Sonia Barrios Tinoco, PhD, Chair
The language programs in Arabic, Chinese, French, German, Italian Japanese, Spanish, and Latin recognize academic, cultural, and practical purposes:
Language study aims at broadening the scope of the student's intellectual development by affording both a facility in other languages and knowledge of other cultures. This end is achieved through the major programs in modern languages or double majors that couple a major or minor in a modern language with a major in another field.
Learning about another culture and civilization-its history, geography, literature, and art-through the medium of its language leads to a better understanding of one's self and the world in which we live. To achieve this goal, all languages are taught in their cultural context. Courses in Arabic, Mandarin Chinese, French, German, Italian, Japanese, and Spanish are taught in the vernacular.
For the university graduate with a specialization in a particular field and with proficiency in more than one language, openings exist in many fields, including teaching, social work, transportation, military, foreign service, international aid organizations, international law, engineering, librarianship, foreign trade, and international business. In addition, many graduate programs in the United States require proficiency in a language other than English.
NOTE: If a student's native language is a language offered at this University, the student may not receive a degree in that language. This applies to both majors and minors.
Intensive programs offered in French and Spanish during the summer allow the student to complete the first-year basic language course (15 credits) in one quarter.
Credit by Examination and Waiver
The Modern Languages Department reserves the right to waive specific courses for students who demonstrate, by examination, achievement at the college level. Courses may be waived, allowing substitution of related electives, or credit may be obtained by meeting the university's requirements for credit by examination.
The department offers a number of study abroad programs. In order to be eligible for the French-in-France program in Grenoble, France, students must have completed first-year French or the equivalent. This can be done during the academic year or in the intensive summer language program. Students then spend winter and spring abroad studying language, culture, and civilization at the University of Grenoble.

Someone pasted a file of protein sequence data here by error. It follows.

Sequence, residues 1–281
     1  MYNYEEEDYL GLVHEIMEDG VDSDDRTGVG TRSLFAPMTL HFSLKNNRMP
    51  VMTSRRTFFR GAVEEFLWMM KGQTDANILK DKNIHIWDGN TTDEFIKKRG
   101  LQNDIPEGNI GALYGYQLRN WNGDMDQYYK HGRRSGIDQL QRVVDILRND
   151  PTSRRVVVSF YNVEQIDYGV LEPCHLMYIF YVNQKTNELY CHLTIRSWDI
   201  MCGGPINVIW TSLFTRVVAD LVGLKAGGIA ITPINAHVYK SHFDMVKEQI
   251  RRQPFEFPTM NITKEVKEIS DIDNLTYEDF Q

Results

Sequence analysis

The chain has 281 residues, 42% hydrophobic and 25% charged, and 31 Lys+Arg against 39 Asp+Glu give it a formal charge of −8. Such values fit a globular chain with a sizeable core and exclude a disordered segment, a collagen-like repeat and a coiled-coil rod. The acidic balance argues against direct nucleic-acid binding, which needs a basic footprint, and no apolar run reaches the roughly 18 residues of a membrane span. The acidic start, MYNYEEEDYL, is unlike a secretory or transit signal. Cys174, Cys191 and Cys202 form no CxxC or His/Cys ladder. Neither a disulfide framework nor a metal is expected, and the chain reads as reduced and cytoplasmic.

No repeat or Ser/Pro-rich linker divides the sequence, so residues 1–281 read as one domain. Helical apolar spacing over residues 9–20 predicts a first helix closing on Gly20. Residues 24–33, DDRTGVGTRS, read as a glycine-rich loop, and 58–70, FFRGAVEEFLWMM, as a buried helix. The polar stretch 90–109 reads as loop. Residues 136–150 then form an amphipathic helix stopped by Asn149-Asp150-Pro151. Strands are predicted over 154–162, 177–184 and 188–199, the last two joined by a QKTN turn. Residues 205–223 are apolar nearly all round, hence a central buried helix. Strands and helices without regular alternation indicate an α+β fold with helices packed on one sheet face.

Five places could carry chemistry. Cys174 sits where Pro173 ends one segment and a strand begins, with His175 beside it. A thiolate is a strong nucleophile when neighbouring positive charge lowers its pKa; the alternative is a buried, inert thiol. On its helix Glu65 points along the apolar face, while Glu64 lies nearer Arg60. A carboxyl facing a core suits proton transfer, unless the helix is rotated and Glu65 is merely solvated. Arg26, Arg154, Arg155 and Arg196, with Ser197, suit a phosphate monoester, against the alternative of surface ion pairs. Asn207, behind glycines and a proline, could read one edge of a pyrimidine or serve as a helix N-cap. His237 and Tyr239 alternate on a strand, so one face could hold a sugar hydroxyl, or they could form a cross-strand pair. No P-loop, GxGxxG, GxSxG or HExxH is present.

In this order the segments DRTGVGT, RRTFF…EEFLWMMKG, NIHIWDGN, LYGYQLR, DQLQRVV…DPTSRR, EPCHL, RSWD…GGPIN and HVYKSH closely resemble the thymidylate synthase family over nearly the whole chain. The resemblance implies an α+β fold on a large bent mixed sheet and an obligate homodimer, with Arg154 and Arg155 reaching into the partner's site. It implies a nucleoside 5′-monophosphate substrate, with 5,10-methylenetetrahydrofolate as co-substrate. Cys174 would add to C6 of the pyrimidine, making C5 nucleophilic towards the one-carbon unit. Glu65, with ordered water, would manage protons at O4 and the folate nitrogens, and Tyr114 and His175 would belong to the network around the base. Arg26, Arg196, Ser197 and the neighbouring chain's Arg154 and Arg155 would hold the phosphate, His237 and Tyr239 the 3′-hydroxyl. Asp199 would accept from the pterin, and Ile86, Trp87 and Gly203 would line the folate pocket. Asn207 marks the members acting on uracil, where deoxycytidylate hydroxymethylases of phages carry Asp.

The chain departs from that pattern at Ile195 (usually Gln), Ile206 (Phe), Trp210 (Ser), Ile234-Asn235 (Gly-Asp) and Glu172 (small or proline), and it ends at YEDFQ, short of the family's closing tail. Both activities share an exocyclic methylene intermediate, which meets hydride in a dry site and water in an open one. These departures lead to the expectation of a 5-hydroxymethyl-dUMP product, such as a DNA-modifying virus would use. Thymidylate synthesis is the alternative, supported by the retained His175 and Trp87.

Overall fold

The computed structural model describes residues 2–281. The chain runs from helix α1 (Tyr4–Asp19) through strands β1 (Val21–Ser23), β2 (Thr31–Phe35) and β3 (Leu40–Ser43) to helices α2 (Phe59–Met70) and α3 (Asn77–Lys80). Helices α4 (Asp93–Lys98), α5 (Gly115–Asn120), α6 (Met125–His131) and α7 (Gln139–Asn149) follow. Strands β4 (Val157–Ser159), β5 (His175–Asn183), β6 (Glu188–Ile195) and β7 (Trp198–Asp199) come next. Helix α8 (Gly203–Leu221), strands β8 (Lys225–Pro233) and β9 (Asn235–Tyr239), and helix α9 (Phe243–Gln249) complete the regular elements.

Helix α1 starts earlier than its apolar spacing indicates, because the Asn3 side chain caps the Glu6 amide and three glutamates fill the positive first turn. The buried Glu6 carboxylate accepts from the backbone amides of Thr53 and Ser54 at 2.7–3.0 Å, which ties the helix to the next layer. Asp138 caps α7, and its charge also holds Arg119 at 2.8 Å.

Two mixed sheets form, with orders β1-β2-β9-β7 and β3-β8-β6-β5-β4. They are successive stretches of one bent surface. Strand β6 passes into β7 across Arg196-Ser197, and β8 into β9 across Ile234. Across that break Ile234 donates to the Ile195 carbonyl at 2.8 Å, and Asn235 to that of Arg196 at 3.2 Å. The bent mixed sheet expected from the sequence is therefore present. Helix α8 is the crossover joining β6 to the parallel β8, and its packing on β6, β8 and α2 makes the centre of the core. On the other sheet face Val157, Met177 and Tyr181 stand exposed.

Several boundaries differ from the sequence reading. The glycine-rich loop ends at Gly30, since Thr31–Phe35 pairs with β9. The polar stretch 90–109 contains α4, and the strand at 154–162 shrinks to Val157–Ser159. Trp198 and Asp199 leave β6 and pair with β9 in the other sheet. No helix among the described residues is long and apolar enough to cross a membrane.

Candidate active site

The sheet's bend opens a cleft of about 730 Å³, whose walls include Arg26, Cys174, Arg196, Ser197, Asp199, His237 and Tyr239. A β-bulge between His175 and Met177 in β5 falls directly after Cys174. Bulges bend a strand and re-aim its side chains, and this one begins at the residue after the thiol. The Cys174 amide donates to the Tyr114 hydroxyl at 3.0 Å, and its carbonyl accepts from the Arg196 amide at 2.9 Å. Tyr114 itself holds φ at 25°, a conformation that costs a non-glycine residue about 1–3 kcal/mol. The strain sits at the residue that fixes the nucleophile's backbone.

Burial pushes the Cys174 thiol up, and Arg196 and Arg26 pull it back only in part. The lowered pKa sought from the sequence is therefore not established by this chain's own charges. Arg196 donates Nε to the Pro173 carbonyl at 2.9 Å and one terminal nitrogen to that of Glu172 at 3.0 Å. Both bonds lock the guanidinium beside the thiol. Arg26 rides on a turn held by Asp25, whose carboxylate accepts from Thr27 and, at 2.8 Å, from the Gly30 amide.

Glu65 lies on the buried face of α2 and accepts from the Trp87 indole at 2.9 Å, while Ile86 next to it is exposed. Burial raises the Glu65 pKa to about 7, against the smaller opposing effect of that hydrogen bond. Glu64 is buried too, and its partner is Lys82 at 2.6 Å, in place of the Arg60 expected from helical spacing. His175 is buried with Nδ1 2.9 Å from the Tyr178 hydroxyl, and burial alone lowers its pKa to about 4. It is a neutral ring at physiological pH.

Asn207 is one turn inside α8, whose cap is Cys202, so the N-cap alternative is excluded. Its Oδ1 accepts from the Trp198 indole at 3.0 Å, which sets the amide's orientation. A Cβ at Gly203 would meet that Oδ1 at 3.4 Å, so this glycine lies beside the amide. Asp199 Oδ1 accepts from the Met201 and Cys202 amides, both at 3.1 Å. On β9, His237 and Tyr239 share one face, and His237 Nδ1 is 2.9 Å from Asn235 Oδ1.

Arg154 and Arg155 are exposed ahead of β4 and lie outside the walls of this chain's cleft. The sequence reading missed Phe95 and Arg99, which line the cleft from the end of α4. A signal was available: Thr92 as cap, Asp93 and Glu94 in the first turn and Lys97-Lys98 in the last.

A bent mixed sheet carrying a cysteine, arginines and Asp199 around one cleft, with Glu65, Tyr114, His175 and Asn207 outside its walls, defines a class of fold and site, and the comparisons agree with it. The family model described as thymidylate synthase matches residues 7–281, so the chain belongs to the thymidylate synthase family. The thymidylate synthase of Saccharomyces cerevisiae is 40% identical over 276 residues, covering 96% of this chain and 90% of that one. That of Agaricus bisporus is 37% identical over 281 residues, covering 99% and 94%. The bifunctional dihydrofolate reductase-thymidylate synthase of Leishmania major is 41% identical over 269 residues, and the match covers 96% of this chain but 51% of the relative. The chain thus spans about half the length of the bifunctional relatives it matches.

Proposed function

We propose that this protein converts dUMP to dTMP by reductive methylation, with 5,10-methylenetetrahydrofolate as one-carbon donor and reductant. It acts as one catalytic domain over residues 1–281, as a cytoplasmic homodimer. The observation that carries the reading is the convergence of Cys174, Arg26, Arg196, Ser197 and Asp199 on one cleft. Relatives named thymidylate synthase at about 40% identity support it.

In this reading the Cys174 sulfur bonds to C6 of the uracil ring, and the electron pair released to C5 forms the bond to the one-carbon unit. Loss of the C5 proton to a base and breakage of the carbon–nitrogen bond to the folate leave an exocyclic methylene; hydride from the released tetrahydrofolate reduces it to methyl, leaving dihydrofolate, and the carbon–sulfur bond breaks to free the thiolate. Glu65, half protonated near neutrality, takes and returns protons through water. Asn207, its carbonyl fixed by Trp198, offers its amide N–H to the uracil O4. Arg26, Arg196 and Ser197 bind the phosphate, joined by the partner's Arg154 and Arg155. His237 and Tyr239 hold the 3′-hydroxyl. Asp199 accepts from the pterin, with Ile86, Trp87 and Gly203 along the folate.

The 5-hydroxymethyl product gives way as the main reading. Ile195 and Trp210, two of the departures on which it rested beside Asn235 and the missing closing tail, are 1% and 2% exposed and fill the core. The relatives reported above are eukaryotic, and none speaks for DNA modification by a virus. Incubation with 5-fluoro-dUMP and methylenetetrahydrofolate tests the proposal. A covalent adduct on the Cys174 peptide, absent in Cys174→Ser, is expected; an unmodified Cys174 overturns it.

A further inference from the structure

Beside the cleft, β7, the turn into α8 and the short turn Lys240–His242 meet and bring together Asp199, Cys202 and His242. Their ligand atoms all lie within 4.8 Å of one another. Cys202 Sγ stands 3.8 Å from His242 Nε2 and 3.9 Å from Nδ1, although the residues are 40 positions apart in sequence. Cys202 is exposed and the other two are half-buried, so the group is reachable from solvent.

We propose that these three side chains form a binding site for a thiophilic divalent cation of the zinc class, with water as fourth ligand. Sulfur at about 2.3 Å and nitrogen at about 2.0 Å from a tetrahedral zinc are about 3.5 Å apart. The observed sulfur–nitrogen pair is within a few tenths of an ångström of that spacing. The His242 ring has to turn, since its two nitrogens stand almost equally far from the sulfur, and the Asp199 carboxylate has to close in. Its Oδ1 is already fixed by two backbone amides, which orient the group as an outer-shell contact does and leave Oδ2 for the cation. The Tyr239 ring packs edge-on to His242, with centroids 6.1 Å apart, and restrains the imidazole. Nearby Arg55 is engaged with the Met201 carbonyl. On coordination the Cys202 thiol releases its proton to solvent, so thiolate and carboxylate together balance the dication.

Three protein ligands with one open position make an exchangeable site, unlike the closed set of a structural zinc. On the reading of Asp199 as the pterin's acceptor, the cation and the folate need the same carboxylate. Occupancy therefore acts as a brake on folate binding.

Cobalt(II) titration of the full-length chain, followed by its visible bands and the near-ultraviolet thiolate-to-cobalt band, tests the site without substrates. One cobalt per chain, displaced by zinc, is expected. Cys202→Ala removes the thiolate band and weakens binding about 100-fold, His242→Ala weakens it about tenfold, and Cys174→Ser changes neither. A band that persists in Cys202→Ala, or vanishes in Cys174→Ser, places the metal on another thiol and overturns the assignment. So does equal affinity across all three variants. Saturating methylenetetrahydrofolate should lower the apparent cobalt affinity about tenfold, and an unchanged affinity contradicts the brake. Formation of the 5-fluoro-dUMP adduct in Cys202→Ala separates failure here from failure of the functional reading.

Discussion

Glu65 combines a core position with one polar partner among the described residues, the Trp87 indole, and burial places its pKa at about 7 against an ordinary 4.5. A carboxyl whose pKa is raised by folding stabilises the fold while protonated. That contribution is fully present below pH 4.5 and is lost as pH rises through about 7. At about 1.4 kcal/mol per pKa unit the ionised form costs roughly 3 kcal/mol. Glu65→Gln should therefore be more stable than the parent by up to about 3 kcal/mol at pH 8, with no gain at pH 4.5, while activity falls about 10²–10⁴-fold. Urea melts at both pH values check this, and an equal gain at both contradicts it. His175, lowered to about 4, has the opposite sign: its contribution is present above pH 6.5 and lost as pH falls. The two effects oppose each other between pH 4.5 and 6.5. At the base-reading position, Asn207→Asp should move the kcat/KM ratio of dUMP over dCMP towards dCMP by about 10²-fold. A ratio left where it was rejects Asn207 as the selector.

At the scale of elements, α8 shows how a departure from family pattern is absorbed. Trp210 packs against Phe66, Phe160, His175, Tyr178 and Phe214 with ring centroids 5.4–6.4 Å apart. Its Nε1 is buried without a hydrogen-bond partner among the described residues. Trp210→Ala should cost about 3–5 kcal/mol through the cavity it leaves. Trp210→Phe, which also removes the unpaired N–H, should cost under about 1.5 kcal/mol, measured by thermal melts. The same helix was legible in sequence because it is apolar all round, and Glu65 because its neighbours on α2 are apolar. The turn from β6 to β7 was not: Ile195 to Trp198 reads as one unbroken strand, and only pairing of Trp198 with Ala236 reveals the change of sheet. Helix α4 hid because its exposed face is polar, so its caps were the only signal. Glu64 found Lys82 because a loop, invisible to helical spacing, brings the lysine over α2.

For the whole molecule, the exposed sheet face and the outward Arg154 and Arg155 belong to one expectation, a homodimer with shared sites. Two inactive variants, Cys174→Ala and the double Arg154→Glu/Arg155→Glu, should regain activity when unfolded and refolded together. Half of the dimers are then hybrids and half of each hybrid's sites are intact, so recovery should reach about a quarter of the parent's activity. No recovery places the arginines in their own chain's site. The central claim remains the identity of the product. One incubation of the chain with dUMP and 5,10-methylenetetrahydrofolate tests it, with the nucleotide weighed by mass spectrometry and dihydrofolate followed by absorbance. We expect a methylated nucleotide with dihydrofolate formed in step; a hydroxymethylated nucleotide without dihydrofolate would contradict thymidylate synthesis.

The Latin American Studies program, offered winter and spring quarters at the Universidad Ibero-Americana in Puebla, Mexico, requires at least one year of college-level Spanish prior to participation.
The Chinese language program currently offers a fall semester study abroad program from early September to mid-December at Suzhou University in the city of Suzhou which is about an hour by train from Shanghai. The program requires one-year study of Chinese at Seattle University or the equivalent prior to participation.
The university has established reciprocal exchange programs with Karl-Franzens Universitäet in Graz, Austria and Sophia University in Tokyo, Japan. Courses are available in both English and the host language. Modern Language and Culture majors are expected to complete one year of German or Japanese language, respectively, prior to participation. Seattle University is a member of the Independent Liberal Arts Colleges Abroad (ILACA) consortium which offers semester-long intermediate and advanced study in Granada, Spain. Eligibility includes six quarters of university level Spanish language (or the equivalent) for fall semester and seven quarters (or the equivalent) for spring semester participation. Students from any major may apply for these exchange or ILACA programs, which allow continued enrollment and financial aid benefits at Seattle University.
Seattle University is also affiliated with the Council for International Educational Exchange, a consortium of colleges and universities which sponsors a variety of academic programs around the world. Federal loans and federal grants can be continued through the Seattle University Financial Aid Office, but no university grants or scholarships are available for CIEE programs.
For a complete list of study abroad opportunities available to Modern Language and Culture students but offered by other departments, see the Education Abroad website (seattleu.edu/studyabroad).
In order to receive full credit for courses in a language they must be taken in the numerical sequence (1150 through 2350) as listed. A previous course cannot be repeated to improve a grade once a higher course in the sequence is in progress or has been completed. Note: Credit will not be granted for 1000 or 2000 level courses in a student's native language.